(1) environmental cues that determine whether the ant is “successful” at its task, e.g., whether a forager finds food and gets it back to the nest, whether a midden worker manages to carry a dead ant to the midden and dump it there, and so on, and (2) interactions with other individuals. This model is more realistic than the first in that it incorporates environmental as well as social stimuli. Following on this, we investigated how the robustness and sensitivity of the system depends on colony size and on the type of feedback between tasks [25]. Currently we are developing
an agent-based simulation to model task allocation in harvester ants using
empirical data to set the parameter values.

It seems likely that in all social insects, both environmental and social
cues contribute to an individual's task decisions. Picnics provide an example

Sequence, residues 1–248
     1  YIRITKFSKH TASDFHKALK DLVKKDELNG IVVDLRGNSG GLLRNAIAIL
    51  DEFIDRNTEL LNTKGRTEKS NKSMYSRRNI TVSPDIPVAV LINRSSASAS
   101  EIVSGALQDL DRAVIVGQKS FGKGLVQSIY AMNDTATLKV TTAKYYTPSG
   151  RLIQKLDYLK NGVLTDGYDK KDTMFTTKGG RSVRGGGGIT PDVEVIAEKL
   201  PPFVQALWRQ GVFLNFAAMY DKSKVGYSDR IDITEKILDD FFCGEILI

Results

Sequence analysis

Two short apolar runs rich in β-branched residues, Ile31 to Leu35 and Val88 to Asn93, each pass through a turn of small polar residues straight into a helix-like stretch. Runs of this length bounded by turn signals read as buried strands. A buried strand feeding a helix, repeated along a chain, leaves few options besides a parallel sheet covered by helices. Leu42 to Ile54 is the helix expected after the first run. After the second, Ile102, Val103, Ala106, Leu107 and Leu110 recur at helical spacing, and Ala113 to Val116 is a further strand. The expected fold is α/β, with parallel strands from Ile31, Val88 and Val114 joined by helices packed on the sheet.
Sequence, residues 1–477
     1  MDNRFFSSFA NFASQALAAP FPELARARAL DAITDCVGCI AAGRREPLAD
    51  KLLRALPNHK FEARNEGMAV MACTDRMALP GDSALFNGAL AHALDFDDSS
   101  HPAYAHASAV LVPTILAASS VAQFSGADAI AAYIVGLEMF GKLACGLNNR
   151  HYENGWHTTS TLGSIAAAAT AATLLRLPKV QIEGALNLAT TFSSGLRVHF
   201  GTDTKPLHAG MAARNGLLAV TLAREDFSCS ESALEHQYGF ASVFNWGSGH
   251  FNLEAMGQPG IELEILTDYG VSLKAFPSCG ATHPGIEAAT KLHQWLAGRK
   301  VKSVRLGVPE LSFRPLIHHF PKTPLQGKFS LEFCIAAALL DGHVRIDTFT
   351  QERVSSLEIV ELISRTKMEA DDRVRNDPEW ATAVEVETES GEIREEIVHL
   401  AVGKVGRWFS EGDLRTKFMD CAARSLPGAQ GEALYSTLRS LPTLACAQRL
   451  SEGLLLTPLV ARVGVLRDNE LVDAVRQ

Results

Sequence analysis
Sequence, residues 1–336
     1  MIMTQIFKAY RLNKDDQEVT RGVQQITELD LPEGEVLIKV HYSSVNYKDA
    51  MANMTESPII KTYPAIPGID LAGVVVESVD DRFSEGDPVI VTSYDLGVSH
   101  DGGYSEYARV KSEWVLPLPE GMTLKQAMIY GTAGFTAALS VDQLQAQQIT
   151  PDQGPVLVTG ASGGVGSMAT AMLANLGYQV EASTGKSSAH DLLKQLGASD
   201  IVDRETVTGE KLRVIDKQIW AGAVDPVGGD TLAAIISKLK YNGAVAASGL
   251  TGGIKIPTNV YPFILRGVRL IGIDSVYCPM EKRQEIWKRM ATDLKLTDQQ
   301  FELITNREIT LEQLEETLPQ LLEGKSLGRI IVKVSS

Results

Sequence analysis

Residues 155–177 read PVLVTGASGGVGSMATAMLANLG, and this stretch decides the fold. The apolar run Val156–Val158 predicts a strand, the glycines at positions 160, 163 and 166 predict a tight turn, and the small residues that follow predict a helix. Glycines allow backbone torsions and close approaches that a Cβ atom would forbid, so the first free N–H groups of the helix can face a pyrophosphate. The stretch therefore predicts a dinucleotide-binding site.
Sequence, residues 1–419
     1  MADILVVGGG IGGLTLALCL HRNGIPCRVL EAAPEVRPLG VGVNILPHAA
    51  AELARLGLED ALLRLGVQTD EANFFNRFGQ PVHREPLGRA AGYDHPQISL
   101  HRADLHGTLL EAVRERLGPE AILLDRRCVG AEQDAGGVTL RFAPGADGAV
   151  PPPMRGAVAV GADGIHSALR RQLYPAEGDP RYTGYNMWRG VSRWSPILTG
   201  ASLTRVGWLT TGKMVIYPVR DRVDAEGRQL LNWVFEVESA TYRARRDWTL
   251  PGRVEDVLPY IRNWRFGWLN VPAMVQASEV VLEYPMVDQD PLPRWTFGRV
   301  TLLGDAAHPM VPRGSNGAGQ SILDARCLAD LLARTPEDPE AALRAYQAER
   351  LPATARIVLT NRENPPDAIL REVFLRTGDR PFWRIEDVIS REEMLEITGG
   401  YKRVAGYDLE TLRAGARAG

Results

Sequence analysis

of an environmental cue; if ants did not respond to changes in food supply, we would not see ants at picnics. Response to environmental stimuli is a component of several previous models (e.g.,[26]). Numbers of interactions, rate of interaction, transfer of material, waiting time to transfer material, or time elapsed since the last interaction are a component of several recent models of the organization of some aspect of social insect behavior (e.g., [17,27,28]).The most important outstanding questions about task allocation in social insects are probably similar to the outstanding questions about any complex biological system: How much do the attributes of the individual components (in social insects, the workers) contribute to the dynamics of the system? For example, is it reasonable as a first step to assume that all workers are alike? How do the internal dynamics of the system react to and bring about changes in the environment? The colony is not a closed system: it absorbs materials from, takes cues from, and in turn modifies its environment. Finally, how does the size of the system determine its dynamics? In social insects, this is a developmental question because colonies grow larger as they grow older. Though similar methodological questions apply to all complex systems,